Alzheimer's

Understanding Alzheimer's: the disease of forgetfulness

Understanding Alzheimer's: the disease of forgetfulness

More than 40 million people around the world suffer from Alzheimer's disease, and that number is expected to increase dramatically in the coming years.

1. What is Alzheimer's disease?

Alzheimer's disease is a progressive brain disorder what causes a progressive and irreversible loss of higher brain functions like memory, language skills, and perception of time and space.

2. At what age does Alzheimer's disease usually appear?

Alzheimer's disease usually occurs in people over 65 years. Although it is much less common, and only about 2% of Alzheimer's cases are early-onset, the disease can appear in people in their 30s, 40s, or 50s.

3. What happens in the brain of a person with Alzheimer's?

Actually how it begins is unknown Alzheimer's disease. Damage to the brain probably begins a decade or more before the first symptoms begin to appear.

The analysis of brains affected by Alzheimer's disease shows that in the early stages of the disease, before the first symptoms begin to appear, a abnormal accumulation of beta-amyloid protein deposits in the form of plates. The formation of neurofibrillary tangles from another protein called tau within neurons.

This makes brain neuronsstart to work less efficiently, that over time they lose their ability to function and communicate with each other, and eventually end up dying. As neurons die, the affected regions of the brain begin to shrink.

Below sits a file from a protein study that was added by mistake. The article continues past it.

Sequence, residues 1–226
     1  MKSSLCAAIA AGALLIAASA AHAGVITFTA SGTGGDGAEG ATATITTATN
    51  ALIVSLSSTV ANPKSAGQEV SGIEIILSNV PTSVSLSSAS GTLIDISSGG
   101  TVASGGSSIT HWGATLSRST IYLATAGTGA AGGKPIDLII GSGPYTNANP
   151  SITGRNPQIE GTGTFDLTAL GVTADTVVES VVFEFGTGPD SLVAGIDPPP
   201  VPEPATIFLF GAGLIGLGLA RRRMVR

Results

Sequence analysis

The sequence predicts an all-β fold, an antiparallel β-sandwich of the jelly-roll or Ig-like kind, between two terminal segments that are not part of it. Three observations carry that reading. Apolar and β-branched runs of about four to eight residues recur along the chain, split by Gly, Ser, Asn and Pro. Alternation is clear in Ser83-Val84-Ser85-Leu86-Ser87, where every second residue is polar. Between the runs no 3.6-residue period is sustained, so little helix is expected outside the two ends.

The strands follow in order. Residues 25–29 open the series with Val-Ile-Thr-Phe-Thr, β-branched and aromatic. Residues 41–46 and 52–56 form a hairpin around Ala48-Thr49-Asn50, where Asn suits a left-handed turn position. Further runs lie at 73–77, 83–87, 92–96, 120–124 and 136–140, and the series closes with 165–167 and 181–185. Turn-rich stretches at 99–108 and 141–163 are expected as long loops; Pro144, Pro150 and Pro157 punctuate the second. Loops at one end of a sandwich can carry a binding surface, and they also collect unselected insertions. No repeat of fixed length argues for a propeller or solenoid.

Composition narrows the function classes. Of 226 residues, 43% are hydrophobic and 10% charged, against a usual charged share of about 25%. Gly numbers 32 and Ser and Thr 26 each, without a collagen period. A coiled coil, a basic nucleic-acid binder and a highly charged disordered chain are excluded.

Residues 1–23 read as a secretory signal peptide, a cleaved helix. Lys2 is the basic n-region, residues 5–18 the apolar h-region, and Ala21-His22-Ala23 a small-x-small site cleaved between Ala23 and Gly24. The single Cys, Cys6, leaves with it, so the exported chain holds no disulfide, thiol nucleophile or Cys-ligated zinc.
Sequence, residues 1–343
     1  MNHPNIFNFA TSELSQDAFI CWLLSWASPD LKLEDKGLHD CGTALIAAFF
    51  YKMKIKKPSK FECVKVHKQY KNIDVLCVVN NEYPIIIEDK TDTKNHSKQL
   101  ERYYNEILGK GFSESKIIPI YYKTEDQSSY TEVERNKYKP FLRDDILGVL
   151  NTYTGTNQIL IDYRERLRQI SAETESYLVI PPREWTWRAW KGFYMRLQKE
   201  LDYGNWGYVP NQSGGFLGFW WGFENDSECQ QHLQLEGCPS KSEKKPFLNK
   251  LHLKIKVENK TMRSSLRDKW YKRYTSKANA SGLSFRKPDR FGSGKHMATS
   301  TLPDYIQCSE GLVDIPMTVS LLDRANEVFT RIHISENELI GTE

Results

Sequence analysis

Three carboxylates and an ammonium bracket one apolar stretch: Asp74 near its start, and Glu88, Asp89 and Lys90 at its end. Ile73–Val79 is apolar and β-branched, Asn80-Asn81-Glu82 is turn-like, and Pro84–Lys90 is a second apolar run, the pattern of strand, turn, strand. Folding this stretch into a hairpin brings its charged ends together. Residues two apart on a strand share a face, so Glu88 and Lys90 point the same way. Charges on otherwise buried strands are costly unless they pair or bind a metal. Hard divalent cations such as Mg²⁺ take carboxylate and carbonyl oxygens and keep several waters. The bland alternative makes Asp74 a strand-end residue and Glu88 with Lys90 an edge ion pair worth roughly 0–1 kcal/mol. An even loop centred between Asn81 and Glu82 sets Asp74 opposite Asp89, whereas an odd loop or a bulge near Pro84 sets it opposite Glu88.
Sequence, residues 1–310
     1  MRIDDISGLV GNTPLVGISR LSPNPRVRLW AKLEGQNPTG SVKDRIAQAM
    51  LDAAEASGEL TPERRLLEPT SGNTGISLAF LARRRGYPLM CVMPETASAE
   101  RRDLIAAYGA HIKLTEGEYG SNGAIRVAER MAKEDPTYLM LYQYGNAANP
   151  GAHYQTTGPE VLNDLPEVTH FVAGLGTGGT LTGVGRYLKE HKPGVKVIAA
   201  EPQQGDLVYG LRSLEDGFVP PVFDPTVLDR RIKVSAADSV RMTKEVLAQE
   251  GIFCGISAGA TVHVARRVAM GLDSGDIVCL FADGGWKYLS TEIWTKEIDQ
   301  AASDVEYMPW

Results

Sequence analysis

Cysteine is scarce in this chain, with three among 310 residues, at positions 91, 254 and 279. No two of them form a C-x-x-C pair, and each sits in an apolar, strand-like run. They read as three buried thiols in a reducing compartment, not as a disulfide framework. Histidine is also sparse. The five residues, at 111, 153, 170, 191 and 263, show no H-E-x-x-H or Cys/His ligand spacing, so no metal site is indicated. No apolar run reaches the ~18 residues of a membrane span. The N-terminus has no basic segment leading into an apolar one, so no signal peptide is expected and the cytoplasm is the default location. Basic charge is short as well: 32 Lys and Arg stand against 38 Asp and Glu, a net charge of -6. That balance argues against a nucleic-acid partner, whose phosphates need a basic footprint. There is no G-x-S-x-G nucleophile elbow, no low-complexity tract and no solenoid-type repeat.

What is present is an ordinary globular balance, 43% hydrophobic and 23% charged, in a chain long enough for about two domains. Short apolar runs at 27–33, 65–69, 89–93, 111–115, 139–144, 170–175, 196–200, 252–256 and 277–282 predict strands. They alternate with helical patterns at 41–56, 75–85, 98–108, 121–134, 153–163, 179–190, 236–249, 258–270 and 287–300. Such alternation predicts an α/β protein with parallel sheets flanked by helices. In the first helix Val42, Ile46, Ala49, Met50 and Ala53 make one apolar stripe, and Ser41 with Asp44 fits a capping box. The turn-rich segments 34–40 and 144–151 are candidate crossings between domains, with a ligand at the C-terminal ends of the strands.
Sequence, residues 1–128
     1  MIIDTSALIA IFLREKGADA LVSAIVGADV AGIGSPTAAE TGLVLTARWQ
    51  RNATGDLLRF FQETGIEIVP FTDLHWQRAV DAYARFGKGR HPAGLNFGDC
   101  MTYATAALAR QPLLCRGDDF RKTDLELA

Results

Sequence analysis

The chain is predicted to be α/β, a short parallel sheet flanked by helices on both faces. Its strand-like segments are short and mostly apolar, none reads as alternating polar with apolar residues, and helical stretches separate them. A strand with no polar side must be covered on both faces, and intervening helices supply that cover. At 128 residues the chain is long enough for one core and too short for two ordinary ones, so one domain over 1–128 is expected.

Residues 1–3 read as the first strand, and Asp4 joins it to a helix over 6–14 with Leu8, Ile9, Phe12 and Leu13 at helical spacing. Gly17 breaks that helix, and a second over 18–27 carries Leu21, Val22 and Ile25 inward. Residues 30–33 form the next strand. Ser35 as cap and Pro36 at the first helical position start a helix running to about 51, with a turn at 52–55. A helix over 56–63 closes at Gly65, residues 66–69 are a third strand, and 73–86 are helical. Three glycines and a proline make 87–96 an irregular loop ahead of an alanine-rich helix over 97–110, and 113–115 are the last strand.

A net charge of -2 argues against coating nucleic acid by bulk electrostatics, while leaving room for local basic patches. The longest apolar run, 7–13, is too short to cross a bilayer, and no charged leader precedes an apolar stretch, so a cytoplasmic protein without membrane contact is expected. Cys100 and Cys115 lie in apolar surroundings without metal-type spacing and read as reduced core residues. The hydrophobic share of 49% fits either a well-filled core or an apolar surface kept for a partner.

The loss of neurons and connecting synapses first affects the memory and language centers of the brain, eventually affecting the entire brain.

4. How long can a person live with Alzheimer's disease?

The time from the diagnosis of Alzheimer's to the death of the patient it varies. It will mainly depend on how young the person was at the time of diagnosis of the disease.

The average length of time between the appearance of the first symptoms of Alzheimer's disease and death seems range from 4 to 16 years. In general, women with the disease they survive longer than men.

5. What are the first symptoms of Alzheimer's disease?

One of the first symptoms of Alzheimer's disease is Loss of memory. Initially, they can be small mistakes such as difficulty remembering people's names, phone numbers or details of conversations.

Very remote memories (such as childhood memories) tend to remain relatively intact early in the disease, but eventually fade as the disease progresses. Sometimes, there may also be difficulty finding a correct word or a decrease in reading comprehension and / or the ability to write.

As the disease progresses, memory loss becomes more noticeable, for example, it may be difficult to remember how to get home. See 10 early symptoms of Alzheimer's.

6. How is Alzheimer's disease diagnosed?

For the diagnosis of Alzheimer's disease, aspects related to the general health of the patient, previous medical problems, the ability to carry out daily activities and the existence of changes in behavior and personality are taken into account.